In 2018 I will feature a random (yet alphabetical) selection of photos I have taken from my nearly 20 years of back roads travel in the United States and Canada. I may even throw in a few random shots from other trips to Japan, Mexico and the Philippines. My theme is called America’s Back Roads: A Grab Bag of Places in Pictures.
Lost Springs, Wyoming (Was Population 1, now Population 4)
Lake Andes, South Dakota
Lambert’s Cafe – Home of Throwed Rolls – Sikeston, Missouri
Lexington Cemetery in Spring – Lexington, Kentucky
Letchworth State Park – Castile, New York
Lindley Sign Post Forest – Danville, Illinois
Lake Oswego Art Walk – Lake Oswego, Oregon
Lawn Order – Nebraska City, Nebraska
Lincoln Mural – Lexington, Kentucky
Lordsburg, New Mexico
Leland, Mississippi – Birthplace of Kermit the Frog
Lake Wobegon Trail – Avon, Minnesota
Libby’s Pumpkin Factory – Morton, Illinois
Lookout, West Virginia
Log Cabin Motel – Ashton, Idaho
Lucy in Disguise Costumes – Austin, Texas
Larry Vennard Iron Sculpture Park – Centralia, Missouri
Leif Erikson Statues – Cleveland, Ohio and Duluth, Minnesota
Lava Hot Springs, Idaho
Abraham Lincoln Statue – Jackson Hole, Wyoming
Leaning Tree Cafe – Babb, Montana
Large Wooden Trolls – Mt. Horeb, Wisconsin
Welcome to Louisiana
Laughing Ladies Cafe – Salida, Colorado
Langdon Wind Energy Center – Langdon, North Dakota
Little Big Horn National Monument – Crow Agency, Montana
Lizard Lick, North Carolina
Lucille Ball Birthplace – Jamestown, New York
Landry and Lombardi – NFL Coaching Icons – Dallas, Texas and Green Bay, Wisconsin
Longaberger Baskets – Newark, Ohio
Lynn’s Paradise Cafe – Louisville, Kentucky
Unfortunately, this place closed down around 2010 or so.
Lovesick Falls – Ontario, Canada
Little Italy – Cleveland, Ohio
Lopatapillar – Butterfly House – Chesterfield, Missouri
Logan’s Shoe Shop Neon Sign – Denton, Texas
Little River Cafe – Oregonia, Ohio
Troy Landry – Swamp People icon – Pierre Part, Louisiana
LSA Burger Company – Denton, Texas
Lund Theatre – Viborg, South Dakota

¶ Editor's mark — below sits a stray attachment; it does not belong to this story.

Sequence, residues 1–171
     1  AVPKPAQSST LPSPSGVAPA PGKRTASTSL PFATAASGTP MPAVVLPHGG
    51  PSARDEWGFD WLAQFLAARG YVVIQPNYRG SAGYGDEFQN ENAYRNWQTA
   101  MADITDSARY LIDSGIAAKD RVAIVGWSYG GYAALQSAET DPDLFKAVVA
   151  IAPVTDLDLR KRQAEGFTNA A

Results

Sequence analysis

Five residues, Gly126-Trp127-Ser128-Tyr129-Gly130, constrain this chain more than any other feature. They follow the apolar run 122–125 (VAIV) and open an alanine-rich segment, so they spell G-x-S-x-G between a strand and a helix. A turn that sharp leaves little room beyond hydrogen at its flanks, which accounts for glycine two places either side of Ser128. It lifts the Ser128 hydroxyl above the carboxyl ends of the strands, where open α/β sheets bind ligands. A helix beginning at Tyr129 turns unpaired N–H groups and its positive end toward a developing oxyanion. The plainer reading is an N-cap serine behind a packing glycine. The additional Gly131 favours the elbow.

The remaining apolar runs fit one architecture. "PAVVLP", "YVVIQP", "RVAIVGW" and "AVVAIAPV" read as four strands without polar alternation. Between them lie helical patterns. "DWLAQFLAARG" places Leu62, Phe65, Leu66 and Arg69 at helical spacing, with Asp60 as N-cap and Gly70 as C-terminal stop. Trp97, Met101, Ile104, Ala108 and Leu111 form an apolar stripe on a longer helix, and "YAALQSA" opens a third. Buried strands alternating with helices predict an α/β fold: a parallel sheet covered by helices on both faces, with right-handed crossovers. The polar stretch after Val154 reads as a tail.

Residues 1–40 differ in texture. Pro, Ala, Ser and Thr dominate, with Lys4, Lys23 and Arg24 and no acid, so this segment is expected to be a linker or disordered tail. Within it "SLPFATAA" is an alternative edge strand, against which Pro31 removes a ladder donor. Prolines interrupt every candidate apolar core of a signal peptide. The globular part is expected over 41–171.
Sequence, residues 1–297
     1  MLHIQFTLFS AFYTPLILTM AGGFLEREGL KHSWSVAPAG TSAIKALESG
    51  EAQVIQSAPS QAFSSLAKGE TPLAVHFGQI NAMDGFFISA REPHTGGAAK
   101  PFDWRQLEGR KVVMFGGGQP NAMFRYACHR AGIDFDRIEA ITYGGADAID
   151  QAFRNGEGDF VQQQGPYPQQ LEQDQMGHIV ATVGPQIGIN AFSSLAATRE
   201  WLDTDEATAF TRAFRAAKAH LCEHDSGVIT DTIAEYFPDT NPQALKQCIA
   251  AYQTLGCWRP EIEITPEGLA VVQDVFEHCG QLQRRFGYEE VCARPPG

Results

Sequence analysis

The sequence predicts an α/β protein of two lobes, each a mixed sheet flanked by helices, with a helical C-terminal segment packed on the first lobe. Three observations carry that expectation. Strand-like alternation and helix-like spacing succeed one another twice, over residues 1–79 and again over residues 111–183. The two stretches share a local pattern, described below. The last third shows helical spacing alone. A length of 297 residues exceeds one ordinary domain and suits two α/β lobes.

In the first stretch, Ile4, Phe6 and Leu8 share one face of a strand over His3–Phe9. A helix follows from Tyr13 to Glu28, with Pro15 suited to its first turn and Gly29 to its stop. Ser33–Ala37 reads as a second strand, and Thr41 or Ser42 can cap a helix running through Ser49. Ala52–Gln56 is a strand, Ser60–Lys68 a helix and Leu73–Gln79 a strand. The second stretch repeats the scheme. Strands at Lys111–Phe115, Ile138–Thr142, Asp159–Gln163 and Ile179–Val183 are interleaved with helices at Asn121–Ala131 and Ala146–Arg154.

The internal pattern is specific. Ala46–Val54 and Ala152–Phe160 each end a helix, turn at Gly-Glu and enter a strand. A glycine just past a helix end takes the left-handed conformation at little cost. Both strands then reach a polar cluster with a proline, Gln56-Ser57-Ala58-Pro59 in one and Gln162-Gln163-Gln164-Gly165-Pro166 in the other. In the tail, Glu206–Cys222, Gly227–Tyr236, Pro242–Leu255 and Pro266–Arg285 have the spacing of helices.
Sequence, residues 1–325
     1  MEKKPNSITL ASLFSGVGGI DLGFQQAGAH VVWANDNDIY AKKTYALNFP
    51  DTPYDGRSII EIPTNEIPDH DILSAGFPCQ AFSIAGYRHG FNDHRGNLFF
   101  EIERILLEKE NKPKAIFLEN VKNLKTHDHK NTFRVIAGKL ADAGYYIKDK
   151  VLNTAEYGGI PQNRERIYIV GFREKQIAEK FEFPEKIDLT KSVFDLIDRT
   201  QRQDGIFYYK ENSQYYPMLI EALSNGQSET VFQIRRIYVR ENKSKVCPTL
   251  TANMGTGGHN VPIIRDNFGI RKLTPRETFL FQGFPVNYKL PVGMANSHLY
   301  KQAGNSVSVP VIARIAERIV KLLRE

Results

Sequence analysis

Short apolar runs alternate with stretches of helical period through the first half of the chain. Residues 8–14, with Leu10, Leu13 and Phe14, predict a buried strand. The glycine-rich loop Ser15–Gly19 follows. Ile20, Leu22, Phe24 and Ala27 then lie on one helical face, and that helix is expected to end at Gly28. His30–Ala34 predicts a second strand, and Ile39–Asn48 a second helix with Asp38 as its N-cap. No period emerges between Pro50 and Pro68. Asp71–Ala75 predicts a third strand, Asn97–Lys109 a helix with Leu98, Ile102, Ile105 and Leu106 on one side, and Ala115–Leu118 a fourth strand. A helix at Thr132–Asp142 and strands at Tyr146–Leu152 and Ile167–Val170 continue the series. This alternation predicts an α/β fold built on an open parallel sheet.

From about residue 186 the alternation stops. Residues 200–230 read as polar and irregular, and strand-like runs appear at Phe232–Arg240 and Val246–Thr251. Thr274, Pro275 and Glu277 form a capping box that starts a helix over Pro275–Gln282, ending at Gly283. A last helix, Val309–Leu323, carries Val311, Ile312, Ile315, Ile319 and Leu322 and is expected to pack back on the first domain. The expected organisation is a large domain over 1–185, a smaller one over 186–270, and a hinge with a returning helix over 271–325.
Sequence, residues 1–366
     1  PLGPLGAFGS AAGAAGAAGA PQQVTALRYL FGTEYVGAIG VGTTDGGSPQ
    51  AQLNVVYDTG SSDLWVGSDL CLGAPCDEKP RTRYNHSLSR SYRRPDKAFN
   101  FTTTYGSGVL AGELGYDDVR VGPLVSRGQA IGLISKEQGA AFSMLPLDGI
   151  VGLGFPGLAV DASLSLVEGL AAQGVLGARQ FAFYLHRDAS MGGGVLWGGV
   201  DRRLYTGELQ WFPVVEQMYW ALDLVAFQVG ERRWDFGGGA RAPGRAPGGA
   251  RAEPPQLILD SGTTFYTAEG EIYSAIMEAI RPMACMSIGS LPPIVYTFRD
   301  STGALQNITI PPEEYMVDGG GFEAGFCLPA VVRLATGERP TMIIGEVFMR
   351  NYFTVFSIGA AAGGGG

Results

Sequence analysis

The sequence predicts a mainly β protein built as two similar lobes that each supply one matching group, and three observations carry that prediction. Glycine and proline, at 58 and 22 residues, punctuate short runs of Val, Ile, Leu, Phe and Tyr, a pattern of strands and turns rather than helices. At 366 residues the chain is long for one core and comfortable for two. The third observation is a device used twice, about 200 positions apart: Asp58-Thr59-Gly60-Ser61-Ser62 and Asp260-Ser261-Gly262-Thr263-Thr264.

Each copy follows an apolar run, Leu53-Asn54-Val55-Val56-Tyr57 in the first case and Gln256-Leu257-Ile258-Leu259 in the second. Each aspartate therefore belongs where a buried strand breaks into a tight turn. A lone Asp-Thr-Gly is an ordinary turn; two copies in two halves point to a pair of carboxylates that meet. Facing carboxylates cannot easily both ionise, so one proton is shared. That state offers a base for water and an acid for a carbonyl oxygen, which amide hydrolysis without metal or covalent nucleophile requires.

If you like what you see, you may want to check out my book: Less Beaten Paths of America: Unique Town Names, available on Amazon. My second book, Less Beaten Paths of America: Quirky and Offbeat Roadside Attractions, will be available in late April or early May 2018. Click on the photo below for more details or to get a copy of the book.
Bemidji, Minnesota is one of the ultimate “quirky places” to visit in Minnesota and for me it is a dream come true place to visit. Here is why:
My whole fascination with travel and the birth of my wanderlust can be traced back to about 1963 when I was a young 7 year old in Albuquerque, New Mexico. Even now I can recall flipping through a book about the U.S. that was published by LIFE Magazine. Almost all of the photos were black and white in the book, but my imagination took me to these places in color. Even as a young boy, I was determined that one day I would see the places portrayed in the book. One of the sites that struck me as “exotic” at that time was the Paul Bunyan and Babe picture (as shown above). The photo was taken from the actual 1945 issue of LIFE magazine which they have a copy of in the Visitor’s Center and which I got to hold in my hands and flip through. My 50 year old dream had come true as I made my way to what I believe is one of the oldest “roadside attractions” in the country (this one was made in 1932!!). History of this unique attraction can be seen HERE.
Since that time (the 1960s), I have traveled thousands and thousands of miles across the United States and Canada, traversing over back roads and gravel roads and interstate highways to see many of the wonderful and unique sites that this expansive country offers. But the Paul Bunyan and Babe site had always eluded me due to distance and/or time….until the end of May 2014!